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Native American Auk and Puffin Mythology

"Auk" is actually the name of a large family of seabird species, including puffins, auklets, murres, murrelets, and dovekies (also known as little auks.) All of these different types of auks can be found in Alaska, and there are many species native to other parts of the Northwest Coast, Arctic, and the Maritimes. Puffins and other auks are most culturally important to the Inuit and the Native American tribes of coastal Alaska, where they are sometimes said to have power over storms and weather. Puffins and murres are especially important to the traditional religion of the Unangan (Aleut) tribe. Puffin skins, crests, and beaks were all used to make Aleut regalia.

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Puffins and auks are also used as clan animals in some Native Alaskan cultures, such as the Auk Clan of the Tlingit tribe. Auks or puffins are used as a clan crest in some Northwest Coast tribes, and can sometimes be found carved on totem poles.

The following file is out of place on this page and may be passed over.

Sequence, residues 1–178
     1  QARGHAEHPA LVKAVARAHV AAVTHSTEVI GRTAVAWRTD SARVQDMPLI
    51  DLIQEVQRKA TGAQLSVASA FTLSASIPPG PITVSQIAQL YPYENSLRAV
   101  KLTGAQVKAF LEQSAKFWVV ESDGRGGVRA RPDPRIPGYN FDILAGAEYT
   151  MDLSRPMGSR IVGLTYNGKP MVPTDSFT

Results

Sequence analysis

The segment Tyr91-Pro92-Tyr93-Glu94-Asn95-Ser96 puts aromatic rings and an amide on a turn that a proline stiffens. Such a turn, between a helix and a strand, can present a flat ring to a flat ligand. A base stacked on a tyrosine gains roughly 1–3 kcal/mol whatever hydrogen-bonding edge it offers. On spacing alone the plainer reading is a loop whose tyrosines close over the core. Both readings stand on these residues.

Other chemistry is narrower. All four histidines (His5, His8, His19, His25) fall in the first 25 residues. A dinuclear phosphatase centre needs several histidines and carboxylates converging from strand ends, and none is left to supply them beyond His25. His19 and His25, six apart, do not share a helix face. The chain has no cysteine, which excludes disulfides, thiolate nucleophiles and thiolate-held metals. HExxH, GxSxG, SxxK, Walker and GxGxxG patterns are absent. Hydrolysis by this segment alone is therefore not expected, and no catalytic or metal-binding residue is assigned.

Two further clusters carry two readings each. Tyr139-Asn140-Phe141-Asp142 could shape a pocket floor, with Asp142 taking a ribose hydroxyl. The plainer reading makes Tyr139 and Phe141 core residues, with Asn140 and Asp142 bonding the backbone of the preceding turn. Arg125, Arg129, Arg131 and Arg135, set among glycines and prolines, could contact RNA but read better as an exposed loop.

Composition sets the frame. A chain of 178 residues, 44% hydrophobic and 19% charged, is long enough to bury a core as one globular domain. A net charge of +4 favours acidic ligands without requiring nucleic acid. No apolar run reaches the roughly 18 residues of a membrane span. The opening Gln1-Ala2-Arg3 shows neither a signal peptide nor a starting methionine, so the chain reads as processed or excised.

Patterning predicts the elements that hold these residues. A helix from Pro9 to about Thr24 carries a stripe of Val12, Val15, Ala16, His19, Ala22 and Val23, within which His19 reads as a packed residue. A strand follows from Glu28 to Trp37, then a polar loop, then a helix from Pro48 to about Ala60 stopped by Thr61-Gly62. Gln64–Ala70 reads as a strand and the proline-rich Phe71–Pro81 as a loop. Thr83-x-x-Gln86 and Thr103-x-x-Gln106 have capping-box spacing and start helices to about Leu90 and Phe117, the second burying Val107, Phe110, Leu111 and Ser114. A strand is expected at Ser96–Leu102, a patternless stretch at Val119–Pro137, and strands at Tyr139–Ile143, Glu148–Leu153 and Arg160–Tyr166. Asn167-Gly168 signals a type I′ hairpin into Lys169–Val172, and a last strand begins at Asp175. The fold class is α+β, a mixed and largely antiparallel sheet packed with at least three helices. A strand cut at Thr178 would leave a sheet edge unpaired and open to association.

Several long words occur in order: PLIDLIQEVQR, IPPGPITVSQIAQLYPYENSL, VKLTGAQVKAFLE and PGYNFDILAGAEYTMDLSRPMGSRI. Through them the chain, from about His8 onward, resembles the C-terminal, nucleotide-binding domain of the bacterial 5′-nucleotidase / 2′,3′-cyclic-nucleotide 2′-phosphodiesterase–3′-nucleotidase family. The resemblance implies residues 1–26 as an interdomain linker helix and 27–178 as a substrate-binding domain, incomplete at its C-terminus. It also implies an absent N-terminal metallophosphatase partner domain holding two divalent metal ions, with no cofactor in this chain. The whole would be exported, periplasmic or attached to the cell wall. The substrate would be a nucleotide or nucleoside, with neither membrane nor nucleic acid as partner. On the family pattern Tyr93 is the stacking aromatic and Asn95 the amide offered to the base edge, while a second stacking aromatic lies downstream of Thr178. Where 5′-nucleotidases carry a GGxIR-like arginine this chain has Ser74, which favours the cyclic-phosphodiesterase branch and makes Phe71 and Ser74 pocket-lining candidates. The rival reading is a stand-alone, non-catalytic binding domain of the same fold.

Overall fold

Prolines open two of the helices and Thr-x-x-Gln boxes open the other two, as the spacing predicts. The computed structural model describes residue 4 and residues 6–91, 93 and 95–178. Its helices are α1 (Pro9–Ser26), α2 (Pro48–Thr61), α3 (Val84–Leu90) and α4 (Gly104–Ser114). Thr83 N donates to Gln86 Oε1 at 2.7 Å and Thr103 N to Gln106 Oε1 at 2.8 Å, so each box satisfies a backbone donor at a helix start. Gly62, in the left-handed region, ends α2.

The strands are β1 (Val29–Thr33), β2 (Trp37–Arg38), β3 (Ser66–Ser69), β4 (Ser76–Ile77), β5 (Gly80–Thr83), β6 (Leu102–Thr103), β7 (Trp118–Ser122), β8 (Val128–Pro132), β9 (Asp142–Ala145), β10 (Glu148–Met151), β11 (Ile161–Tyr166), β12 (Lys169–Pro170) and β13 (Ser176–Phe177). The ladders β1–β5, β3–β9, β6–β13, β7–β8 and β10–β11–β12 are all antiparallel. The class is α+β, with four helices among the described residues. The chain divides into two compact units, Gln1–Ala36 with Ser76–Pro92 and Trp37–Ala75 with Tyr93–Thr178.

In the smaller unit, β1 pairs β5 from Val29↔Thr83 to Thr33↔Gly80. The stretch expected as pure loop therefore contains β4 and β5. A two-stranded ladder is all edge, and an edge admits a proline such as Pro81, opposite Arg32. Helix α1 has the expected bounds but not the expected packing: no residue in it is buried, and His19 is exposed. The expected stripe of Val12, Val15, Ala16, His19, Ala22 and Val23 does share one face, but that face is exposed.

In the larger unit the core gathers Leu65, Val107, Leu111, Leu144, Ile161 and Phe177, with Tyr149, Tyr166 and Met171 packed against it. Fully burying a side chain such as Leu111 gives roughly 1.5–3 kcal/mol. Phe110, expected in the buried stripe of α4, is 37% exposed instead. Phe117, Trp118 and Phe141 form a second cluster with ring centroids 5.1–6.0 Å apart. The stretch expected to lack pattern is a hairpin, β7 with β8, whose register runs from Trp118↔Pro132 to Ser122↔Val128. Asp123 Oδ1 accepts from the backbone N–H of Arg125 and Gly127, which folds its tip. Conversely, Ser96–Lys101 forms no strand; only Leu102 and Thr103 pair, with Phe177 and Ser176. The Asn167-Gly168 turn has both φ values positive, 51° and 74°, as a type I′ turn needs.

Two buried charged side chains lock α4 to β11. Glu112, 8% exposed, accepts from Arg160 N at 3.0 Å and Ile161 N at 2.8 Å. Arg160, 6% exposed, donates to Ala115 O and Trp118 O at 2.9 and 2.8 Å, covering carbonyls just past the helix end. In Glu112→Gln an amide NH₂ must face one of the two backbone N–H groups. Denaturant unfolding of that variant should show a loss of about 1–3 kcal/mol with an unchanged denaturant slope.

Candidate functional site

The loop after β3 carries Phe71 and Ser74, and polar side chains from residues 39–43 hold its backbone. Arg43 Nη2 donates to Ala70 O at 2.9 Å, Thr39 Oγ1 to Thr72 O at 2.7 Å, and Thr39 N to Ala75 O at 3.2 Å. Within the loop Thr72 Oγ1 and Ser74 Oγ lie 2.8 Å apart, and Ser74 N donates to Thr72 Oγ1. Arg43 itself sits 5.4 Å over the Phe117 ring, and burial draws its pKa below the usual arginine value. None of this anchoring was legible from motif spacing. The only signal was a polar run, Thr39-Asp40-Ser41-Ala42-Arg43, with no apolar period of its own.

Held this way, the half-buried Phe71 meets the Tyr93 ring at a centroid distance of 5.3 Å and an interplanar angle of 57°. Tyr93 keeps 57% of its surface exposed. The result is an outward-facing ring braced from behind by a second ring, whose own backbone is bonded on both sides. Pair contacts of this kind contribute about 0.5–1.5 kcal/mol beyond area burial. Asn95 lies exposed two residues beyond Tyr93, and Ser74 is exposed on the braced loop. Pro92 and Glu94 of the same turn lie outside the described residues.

Native American Legends About Puffins and Auks

*Story of the Puffin:
    Tlingit legend about a shipwrecked woman saved by the Puffin people.

Recommended Books of Auk and Puffin Stories from Native American Myth and Legend

Native American Animal Stories:
    Great collection of American Indian tales about animals, told by Abenaki storyteller Joseph Bruchac.
Flights of Fancy: Birds in Myth, Legend, and Superstition:
    A good book on the meaning of birds in world mythology, including North and South America.



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